Country Queer

Lifting up LGBTQ+ voices in country and Americana.

Exclusive Premiere: “Whistling Tree,” Haunted Like Human

Haunted Like Human. Photo Credit: Caroline Voisine

Nashville-based duo Haunted Like Human may not have originally gotten their start in country music, but their do-it-yourself origins, complete with a chance meeting and a cross-country road trip, carry the classic markers of Americana legend.

Originally having gotten his start in heavy metal and punk before transitioning to classical guitar at the University of Idaho, multi-instrumentalist Cody Clark found himself driving to Nashville from Oregon in 2017 in search of more serious music collaborators. There, he happened upon vocalist Dale Chapman in a coffee shop.

Her background in creative writing led the two of them to try out a songwriting session that eventually gave way to Haunted Like Human’s harmony-driven, Southern Gothic sound. Their debut album Tall Tales & Fables, out October 15, grows from the seeds planted by both that first meeting and their recent EP Folklore, all while staying true to the band’s core.

“Whistling Tree,” the third single for Tall Tales & Fables, focuses on a distinctly queer story of forbidden love. “It’s one of the most personal songs I’ve ever written, and it took a year,” Chapman confesses.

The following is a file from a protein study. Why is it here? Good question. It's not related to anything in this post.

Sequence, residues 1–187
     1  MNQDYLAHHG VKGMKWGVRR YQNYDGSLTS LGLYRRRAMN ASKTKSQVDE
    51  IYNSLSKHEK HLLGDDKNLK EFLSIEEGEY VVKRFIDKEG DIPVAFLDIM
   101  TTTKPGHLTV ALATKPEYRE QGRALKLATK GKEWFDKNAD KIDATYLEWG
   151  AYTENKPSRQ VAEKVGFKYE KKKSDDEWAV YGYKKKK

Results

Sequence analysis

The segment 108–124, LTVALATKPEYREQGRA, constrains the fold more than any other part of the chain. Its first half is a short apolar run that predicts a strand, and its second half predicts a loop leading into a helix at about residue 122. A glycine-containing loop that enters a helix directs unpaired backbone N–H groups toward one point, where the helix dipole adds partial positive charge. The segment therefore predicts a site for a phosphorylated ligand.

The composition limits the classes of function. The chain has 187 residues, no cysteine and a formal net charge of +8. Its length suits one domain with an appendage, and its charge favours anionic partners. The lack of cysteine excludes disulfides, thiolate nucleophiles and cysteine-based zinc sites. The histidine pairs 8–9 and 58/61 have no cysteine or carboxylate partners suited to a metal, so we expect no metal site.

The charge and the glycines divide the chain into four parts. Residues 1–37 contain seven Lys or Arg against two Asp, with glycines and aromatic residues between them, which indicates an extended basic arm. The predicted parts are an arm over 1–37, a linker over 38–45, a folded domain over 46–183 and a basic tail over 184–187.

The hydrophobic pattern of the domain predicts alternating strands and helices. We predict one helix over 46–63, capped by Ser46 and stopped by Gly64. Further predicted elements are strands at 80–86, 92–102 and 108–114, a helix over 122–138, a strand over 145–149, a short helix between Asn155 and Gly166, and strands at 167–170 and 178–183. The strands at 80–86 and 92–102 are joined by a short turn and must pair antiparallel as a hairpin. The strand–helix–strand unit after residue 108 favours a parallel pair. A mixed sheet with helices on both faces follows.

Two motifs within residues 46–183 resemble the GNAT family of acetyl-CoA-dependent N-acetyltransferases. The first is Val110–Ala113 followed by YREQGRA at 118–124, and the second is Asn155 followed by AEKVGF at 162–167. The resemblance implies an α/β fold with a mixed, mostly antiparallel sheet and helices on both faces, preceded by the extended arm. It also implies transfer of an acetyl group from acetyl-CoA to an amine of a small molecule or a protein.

The song draws from the story of a young woman who attempted suicide because of her parents’ efforts to keep her and her girlfriend apart. Anchored on the image of their secret meeting place in a nearby forest, the singer urges her lover to stay strong.

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“As I really came into my own identity as a member of the LGBTQ+ community, this story felt more and more important to tell,” explains Chapman. “The image of the tree is a place of life and death, love and hate, all wrapped into one.”

“Whistling Tree” comes out on streaming services on September 17 — but until then, you can listen to an exclusive release here on Country Queer.

Annie Parnell is the Managing Editor of Country Queer and cohost of the radio show Cowboy Church. She also runs the newsletter Tugboat. Her writing has been featured in PopMattersThe BootTaste of CountryWe Are The Mutants, and the Virginia Literary Review.